Colorado Mega-church Votes to Split from Presbyterian Church (USA) Over Homosexual Ministers, More Set to Follow
UCN: A vote Sunday by the largest Presbyterian church in Colorado Springs to split from the denomination's main governing body in the United States may just be the beginning of a growing divide.
Eight churches in the region have expressed an interest in splitting from Presbyterian Church (USA), said Ronald Anderson, executive presbyter for the region that is based in Pueblo and spans much of southern Colorado. Those eight churches account for almost a fourth of the total churches in the Presbytery of Pueblo and make up more than half of the region's total members.
On Sunday afternoon, 88 percent of First Presbyterian Church members voted in an informal poll to split with the mainline Presbyterian church and join a newly created, and more conservative, group called the Evangelical Covenant Order of Presbyterians. The vote was the culmination of several months of work by church leaders who sought to distance themselves from the main governing body after it voted in May that congregations could appoint openly gay ministers.
To officially make the split, church leaders and the Presbytery of Pueblo still have to negotiate terms and the congregation has to make an official vote, presumably in late-April.
Rev. Tom Trinidad, pastor at Faith Presbyterian church, 1529 N. Circle Drive, said his congregation is not considering a split and is sad that other churches want to leave.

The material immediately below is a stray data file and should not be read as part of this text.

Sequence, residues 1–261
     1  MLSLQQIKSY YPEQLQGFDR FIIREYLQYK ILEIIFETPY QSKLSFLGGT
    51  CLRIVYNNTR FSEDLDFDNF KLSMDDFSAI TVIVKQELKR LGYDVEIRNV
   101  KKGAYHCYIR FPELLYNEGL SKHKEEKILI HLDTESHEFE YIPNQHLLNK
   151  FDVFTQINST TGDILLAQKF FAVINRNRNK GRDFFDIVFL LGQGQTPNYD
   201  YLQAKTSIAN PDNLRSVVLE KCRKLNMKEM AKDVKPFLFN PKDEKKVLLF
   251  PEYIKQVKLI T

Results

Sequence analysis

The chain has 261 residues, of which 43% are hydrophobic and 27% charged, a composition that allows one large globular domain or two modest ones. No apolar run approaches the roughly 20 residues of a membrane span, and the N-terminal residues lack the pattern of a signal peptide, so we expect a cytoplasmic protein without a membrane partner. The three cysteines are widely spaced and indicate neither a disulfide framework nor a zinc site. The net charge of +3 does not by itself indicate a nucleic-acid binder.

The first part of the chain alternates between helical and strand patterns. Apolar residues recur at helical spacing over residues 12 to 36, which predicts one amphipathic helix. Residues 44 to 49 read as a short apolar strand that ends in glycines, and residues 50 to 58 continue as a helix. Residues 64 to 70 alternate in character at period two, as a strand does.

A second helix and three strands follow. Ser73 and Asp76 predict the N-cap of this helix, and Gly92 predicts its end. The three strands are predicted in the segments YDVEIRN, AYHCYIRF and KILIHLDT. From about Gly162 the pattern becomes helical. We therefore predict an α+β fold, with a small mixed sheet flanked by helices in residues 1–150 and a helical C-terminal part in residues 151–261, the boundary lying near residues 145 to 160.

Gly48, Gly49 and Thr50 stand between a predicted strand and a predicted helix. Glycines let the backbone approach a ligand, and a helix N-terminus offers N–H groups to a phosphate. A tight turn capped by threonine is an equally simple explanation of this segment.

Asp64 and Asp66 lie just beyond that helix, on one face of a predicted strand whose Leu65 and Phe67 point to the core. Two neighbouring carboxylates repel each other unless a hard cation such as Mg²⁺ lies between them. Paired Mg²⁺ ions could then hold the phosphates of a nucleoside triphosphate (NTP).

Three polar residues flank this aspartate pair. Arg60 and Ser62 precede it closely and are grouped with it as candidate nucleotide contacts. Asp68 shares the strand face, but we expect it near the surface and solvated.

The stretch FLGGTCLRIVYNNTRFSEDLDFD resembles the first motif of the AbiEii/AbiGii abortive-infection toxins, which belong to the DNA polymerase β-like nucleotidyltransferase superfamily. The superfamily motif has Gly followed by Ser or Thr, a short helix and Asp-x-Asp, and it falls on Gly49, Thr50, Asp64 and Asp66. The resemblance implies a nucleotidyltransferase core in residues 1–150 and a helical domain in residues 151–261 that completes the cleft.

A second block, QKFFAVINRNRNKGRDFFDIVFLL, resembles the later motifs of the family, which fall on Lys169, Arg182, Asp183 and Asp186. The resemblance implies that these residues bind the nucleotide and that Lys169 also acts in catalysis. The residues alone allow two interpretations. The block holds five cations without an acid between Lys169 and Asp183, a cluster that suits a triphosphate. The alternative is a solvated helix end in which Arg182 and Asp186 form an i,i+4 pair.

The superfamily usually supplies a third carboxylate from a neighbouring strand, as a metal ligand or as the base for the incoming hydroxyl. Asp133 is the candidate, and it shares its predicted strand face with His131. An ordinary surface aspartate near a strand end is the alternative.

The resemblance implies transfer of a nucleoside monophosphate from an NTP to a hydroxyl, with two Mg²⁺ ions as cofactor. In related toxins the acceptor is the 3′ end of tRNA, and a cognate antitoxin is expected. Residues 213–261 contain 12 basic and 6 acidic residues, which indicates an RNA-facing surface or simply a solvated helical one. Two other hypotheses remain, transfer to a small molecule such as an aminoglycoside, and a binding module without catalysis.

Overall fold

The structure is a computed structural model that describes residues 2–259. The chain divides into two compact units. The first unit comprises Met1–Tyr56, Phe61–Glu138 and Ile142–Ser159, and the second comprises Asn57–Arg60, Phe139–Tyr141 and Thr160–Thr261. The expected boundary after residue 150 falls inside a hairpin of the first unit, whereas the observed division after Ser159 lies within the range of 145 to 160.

"I like having people at the table to have different opinions," he said. "If the conservative churches all leave then we lose their input and we lose our accountability to them."
He said he doesn't know how his church representatives voted on the issue of allowing openly gay clergy, but assumes that most of them approved of the idea. That makes his church a minority in the region. Most in the region voted against it, Anderson said, but they were out-voted by other regions.
Tiny Mountain View Church, 2520 Arlington Drive, is considering a split. Rev. Jeff Baxter said the decision to allow openly gay ministers was a sign of just how far apart theologically his conservative church has become from Presbyterian Church (USA).
"I just don't' think we can honestly say it wasn't a factor. It's a whole pattern of watching the denomination we all love becoming more and more irrelevant of the culture around us."
He's been a minister for Presbyterian Church (USA) for almost 30 years.
"There's a sadness that you feel like when you come to a place where you try to part as friends but the parting is none the less there."